North of Bayonne, where it found a new entrance into the sea at the end of the 14th century.
He spent his leisure and his fortune in the search for documents bearing on the old Basque and Bearnese provinces; and the fruits of his studies in the archives of Bayonne, Toulouse, Pau, Perigord and other cities were embodied in forty-five MS. volumes, which were sent by his son Gabriel to Colbert.
The proverbs were edited by Francisque Michel (Paris, 1847), and the supplement by P. Hariston (Bayonne, 1892) and by V.
After some delay the peace was concluded at Bayonne in 1388.
The Louvre also possesses some good examples, and many others are dispersed in various public collections, as in the Musee Bonnat at Bayonne, at Munich, Hamburg, Bremen, Frankfort, Dresden, Basel, Milan, Florence and Oxford, as well as in private hands all over Europe.
BAYONNE, a city of Hudson county, New Jersey, U.S.A., occupying the peninsula (about 52 m.
Bayonne is served by the Central of New Jersey and by the Lehigh Valley railways (the latter for freight only), and by electric railway lines to Newark and Jersey City.
Besides having a considerable share in the commerce of the port of New York, Bayonne is an important manufacturing centre; among its manufactures are refined petroleum, refined copper and nickel (not from the ore), refined borax, foundry and machine-shop products, tubular boilers, electric launches and electric motors, chemicals (including ammonia and sulphuric and nitric acids), iron and brass products, wire cables and silk goods.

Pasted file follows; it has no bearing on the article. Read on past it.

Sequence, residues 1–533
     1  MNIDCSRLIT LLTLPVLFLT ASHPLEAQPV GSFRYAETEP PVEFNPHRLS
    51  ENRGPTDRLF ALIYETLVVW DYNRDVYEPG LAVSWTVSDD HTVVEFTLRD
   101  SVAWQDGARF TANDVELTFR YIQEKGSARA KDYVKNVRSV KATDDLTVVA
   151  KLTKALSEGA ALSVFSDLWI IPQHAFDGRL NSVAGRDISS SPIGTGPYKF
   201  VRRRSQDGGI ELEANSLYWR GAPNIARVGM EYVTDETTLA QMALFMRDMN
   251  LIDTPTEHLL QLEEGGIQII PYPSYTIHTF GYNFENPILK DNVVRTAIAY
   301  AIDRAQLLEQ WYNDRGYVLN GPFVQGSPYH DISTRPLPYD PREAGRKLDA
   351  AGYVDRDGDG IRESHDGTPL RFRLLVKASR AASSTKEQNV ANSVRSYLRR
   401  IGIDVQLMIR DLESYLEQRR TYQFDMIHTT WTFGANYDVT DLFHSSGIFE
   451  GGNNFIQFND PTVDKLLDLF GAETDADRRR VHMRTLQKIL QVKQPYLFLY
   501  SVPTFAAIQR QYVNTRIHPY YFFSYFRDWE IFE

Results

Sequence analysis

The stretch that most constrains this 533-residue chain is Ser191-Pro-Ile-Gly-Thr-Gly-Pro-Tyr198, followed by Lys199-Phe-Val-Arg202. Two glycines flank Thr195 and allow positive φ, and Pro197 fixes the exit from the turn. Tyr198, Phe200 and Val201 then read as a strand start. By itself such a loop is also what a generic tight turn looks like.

In 1905 the value of its factory product was $60,633,761, an increase of 57.1% over that of 1900, Bayonne ranking third in 1905 among the manufacturing cities of the state.
Bayonne, which comprises several former villages (Bayonne, Bergen Point, Pamrapo and Centerville), was settled about 1665-1670 by the Dutch.
JEAN BERNARD JAUREGUIBERRY (1815-1887), French admiral, was born at Bayonne on the 26th of August 1815.
BAYONNE, a town of south-western France, capital of an arrondissement in the department of Basses-Pyrenees, 66 m.
Bayonne, a first-class fortified place, is situated at the confluence of the Adour and its left-hand tributary, the Nive, about 3 m.
Grand Bayonne lies on the left bank of the Nive; the two squares which lie close together at the mouth of that river constitute the most animated quarter of the town.
Petit Bayonne lies between the right bank of the Nive and the Adour; Saint Esprit, dominated by a citadel which is one of the finest works of Vauban, occupies the right bank of the Adour.
The cathedral of Ste Marie in Grand Bayonne is an imposing Gothic structure of the 13th, 14th and 15th centuries.
The Vieux-Chateau, also in Grand Bayonne, dates from the 12th and 15th centuries and is built upon a portion of the old Roman fortifications; it is used for military purposes.
Bayonne is the seat of a bishopric and of a subprefect; it has tribunals of first instance and of commerce, a chamber of commerce, a lycee, a school of music, a library, an art museum with a large collection of the works of the painter Leon Bonnat, and a branch of the Bank of France.
The commerce of Bayonne is much more important than its industries, which include the manufacture of leather and of chocolate.
In the 3rd century Bayonne (Lapurdum) was a Roman military post and the principal port of Novempopulana.